Both spouses appealed the lower court ruling that CBHC was worth $1.5 million on December 31, 2008 on a controlling, nonmarketable basis. Arun argued the business had no value, given its liabilities and limited assets. Mona argued for her expert’s original appraisal setting the value at more than $1.9 million.

Mona’s expert used the capitalization of earnings method, relying solely on tax returns and audited financial statements from 2005 to 2008. His $1.9 million value included:

  • A 10 percent discount for lack of marketability
  • A normalizing adjustment for nonrecurring pension plan costs
  • A normalizing adjustment for the cash surrender value of officer life insurance policies, a nonoperating asset valued at approximately $600,000
  • A loan to its shareholder (Arun) for roughly $400,000 (see right-hand box on factoring in holder loans).

Consistent with Ohio legal precedent, no adjustment to the value of the business was made for goodwill. In Ohio, personal and enterprise goodwill in professional practice are generally marital property. Other states may handle goodwill differently, however.Arun claimed the valuator’s methodology was unreliable “due to his unfamiliarity with CBHC and its business structure.” Specifically, Arun contended that Mona’s expert didn’t understand Medicare and Medicaid regulations, the financing requirements for CBHC’s pension plan, and the transferability of the company’s license. (Chattree v. Chattree (2014-Ohio-489, 2/13/14)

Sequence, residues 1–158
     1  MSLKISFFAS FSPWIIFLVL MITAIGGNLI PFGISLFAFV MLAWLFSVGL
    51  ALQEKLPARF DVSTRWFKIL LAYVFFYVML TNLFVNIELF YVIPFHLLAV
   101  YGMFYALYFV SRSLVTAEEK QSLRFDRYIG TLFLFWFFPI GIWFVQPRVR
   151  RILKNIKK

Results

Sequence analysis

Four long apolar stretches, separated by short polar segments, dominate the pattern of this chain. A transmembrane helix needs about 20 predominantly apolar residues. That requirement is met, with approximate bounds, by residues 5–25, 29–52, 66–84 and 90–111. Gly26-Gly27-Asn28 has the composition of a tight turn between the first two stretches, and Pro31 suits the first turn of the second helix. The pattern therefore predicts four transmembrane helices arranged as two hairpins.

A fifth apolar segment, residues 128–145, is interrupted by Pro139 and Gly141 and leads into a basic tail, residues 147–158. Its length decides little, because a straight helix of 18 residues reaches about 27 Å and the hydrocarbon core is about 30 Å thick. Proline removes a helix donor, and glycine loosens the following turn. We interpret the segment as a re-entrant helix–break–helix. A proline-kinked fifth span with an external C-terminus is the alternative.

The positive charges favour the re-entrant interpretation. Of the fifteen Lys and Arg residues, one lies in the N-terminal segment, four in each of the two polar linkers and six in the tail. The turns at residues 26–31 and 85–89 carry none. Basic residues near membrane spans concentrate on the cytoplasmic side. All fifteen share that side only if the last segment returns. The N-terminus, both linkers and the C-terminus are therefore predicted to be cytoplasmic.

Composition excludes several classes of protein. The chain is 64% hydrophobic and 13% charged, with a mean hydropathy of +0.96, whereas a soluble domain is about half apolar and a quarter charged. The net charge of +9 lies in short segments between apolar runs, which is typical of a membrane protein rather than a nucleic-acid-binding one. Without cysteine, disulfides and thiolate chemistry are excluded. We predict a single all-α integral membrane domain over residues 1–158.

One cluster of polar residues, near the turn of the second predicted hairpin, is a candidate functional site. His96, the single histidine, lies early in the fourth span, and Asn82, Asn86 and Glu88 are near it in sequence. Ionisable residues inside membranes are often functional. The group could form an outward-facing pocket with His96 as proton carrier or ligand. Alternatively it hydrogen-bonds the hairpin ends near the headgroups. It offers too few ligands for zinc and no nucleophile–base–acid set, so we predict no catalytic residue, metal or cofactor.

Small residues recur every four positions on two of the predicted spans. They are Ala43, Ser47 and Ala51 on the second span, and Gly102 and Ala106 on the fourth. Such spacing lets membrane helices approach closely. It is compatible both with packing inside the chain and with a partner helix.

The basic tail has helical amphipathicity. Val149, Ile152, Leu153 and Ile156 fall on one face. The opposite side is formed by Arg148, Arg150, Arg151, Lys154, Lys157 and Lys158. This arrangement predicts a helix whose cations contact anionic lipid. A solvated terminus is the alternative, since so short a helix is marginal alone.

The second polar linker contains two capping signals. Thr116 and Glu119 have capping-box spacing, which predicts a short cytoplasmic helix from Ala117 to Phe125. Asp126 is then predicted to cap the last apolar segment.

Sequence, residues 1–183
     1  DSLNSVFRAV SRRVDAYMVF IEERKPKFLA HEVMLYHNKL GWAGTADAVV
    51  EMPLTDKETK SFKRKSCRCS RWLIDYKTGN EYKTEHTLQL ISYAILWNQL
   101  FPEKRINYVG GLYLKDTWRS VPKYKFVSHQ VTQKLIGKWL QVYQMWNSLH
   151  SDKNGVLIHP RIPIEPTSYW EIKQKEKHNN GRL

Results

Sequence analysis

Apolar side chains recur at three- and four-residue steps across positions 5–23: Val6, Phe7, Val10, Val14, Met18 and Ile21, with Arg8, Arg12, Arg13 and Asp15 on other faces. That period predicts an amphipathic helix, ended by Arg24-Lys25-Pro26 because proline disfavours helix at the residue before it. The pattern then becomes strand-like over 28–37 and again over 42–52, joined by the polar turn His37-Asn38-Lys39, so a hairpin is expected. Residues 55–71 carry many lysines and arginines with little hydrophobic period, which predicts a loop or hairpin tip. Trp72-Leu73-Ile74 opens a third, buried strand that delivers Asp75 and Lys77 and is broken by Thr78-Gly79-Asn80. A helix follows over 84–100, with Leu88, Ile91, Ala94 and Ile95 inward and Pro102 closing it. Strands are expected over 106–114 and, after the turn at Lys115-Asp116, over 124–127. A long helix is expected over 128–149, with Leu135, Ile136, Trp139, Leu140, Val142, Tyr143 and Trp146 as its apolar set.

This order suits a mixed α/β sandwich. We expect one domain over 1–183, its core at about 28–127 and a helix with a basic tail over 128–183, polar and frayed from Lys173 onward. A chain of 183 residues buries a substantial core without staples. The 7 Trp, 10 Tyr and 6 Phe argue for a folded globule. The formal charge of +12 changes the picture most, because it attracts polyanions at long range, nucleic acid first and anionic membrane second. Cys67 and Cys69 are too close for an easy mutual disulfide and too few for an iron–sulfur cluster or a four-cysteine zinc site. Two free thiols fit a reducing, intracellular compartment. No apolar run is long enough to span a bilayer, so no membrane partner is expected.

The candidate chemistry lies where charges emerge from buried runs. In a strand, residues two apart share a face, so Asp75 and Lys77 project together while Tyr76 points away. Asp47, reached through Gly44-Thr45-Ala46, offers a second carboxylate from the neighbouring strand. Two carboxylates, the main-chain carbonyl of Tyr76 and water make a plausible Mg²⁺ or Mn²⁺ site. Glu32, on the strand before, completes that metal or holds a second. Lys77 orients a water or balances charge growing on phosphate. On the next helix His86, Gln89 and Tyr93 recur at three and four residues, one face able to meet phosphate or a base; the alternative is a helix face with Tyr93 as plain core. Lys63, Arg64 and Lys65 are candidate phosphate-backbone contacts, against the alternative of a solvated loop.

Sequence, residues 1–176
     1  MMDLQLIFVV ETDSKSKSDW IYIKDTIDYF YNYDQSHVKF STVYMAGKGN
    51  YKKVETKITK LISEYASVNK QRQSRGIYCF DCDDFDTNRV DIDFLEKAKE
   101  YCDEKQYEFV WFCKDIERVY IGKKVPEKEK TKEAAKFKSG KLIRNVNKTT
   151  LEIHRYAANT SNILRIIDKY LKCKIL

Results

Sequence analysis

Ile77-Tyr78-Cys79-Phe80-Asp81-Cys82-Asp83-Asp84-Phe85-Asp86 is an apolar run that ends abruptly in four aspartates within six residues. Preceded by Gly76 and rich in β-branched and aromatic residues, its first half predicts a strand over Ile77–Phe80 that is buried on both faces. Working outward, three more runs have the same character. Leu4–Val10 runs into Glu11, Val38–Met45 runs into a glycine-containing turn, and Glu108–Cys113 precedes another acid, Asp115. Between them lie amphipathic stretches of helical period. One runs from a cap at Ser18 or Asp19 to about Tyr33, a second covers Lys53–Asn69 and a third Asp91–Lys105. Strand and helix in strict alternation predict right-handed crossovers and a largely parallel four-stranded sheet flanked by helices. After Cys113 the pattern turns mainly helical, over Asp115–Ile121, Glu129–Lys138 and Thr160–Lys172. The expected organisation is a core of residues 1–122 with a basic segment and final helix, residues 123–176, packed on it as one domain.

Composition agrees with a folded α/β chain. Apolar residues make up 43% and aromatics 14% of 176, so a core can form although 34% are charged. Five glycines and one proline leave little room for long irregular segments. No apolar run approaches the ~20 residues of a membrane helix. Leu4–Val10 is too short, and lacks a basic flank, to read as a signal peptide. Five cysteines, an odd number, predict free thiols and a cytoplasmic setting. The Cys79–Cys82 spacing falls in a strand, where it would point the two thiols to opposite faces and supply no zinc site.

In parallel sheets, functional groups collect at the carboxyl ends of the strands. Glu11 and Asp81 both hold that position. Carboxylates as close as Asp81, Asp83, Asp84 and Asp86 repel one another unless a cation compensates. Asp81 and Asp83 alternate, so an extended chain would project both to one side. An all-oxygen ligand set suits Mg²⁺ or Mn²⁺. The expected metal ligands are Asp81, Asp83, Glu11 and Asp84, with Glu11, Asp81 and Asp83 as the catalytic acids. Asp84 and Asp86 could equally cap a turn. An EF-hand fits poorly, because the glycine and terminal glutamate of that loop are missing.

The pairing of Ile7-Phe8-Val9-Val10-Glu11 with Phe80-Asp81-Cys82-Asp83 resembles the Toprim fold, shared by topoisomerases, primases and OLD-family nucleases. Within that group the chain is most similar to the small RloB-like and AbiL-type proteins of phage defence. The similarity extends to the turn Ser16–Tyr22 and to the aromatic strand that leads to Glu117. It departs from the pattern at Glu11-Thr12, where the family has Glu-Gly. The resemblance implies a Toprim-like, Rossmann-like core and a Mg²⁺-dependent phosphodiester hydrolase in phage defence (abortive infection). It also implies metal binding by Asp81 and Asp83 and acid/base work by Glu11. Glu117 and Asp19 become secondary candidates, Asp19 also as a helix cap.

Reliable Given the Limitations

Along these lines, the expert’s report contained the following disclosure:
Due to limited access to information and management, [my] analysis was not subject to the development or reporting standards set forth in the American Institute of Certified Public Accountants Statement of Standards for Valuation Services No. 1 (AICPA) nor the valuation standards as promulgated by the National Association of Certified Valuation Analysts (NACVA).
Additional information that could have impacted his conclusion — but Arun withheld from the expert — included:

  • Access to management or the opportunity to interview management
  • Details about certain balance sheet and income statement accounts
  • Corporate governance documents
  • An organizational chart